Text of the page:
Our team’s solution was called “FarmQuest,” a device that printed out randomized activities for students and community members to interact with Castlemont’s farm! These activities ranged from scavenger hunts around the farm to environmental education. My contribution to the team was the hardware design of our device; I modeled the design in SolidWorks and then 3D-printed our prototype in the Jacobs Makerspace. I integrated basic circuitry to create a prototype with buttons that, when pushed, would print out the activity.

What are you hoping to learn from your project this semester?

This semester, my team is working with Blue Endeavors to create hardware and software specifications for a Remotely Operated Vehicle (ROV) & Diver Propulsion Vehicle (DPV) for underwater photogrammetry. Oceanography is largely undiscovered due to dangers and safety hazards for deep-dive ocean divers. Additionally, data gathered by researchers and organizations are usually kept private, despite this data being essential to scale underwater surveying of kelp forests, coral reefs, and indicator species.

We are working towards solutions to advance marine conservation solutions, technology for deep-divers, and oceanography data in a way that makes them more standardized and accessible to researchers, conservationists, decision-makers in the marine industry, and general community members. I am hoping to apply all of the design and product management skills from last semester and learn more about the intersection between marine conservation and technology in our communities.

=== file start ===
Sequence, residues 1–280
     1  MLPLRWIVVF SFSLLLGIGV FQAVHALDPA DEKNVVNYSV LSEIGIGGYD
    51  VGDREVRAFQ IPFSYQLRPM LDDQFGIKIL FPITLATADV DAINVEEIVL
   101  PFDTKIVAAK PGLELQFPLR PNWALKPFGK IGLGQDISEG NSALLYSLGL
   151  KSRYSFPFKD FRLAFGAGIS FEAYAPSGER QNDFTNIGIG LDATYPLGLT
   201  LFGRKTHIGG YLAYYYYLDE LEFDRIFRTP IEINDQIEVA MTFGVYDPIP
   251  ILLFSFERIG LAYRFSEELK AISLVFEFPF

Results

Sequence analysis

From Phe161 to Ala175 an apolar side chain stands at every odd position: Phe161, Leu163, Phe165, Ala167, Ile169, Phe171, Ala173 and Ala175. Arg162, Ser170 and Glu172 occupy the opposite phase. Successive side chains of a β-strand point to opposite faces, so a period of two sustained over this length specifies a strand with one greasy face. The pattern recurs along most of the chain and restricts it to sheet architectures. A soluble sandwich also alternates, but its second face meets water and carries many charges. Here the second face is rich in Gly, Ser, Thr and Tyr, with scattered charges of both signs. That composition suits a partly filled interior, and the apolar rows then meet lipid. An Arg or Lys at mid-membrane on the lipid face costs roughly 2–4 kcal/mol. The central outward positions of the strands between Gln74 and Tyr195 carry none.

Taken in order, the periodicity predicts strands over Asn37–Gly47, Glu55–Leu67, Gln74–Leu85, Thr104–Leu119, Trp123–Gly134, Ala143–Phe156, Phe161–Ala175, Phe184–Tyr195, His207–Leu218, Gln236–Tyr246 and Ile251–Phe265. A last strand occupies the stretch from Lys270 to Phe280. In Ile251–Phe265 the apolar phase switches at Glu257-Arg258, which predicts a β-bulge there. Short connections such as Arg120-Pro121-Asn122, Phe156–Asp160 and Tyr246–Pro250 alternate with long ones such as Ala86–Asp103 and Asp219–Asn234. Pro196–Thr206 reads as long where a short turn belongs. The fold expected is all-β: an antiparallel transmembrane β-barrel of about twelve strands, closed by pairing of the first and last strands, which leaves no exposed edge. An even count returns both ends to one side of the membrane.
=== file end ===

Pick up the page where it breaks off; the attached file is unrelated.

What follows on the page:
Is there something you are currently working on, either in or outside of the fellowship that you would like to share?

I’m currently in the Bioprinting @ Berkeley club under the Prosthetic Arm Team, where we’ve been rapid prototyping and iterating over our design of a prosthetic arm! We’re a team composed of BioE, MechE, and EECS undergraduates. This semester, I am the Lead Design Engineer, where I spearhead the design aspect and make executive decisions about the design process of our prosthetic arm using Onshape, a cloud-based Computer-Aided Design (CAD) program. I work very closely with team members and our project managers to ensure a smooth flow from design ideation to our physical prototype. We’re hoping to complete our final prosthetic arm prototype at the end of the semester and showcase it at the Jacobs Spring 2024 Design Showcase!

What are your professional goals or aspirations?

I intend to work in the medical device industry as an R&D Engineer or Manufacturing Engineer! I thrive when working in collaborative settings, so I want to be in a professional space where I can design, manufacture, and prototype with diverse engineers.

From learning human-centered design frameworks and product management skills in the Fung Fellowship, I want to apply all my skills to the industry to create ground-breaking innovative solutions for medical devices while maintaining a good work-life balance.

As for graduate school, I am considering doing a Masters of Engineering in Bioengineering but have not fully decided if I want to apply, so I’m still simmering on the idea!

What are some of your non-academic hobbies/passions, and how, if at all, have they inspired your professional goals?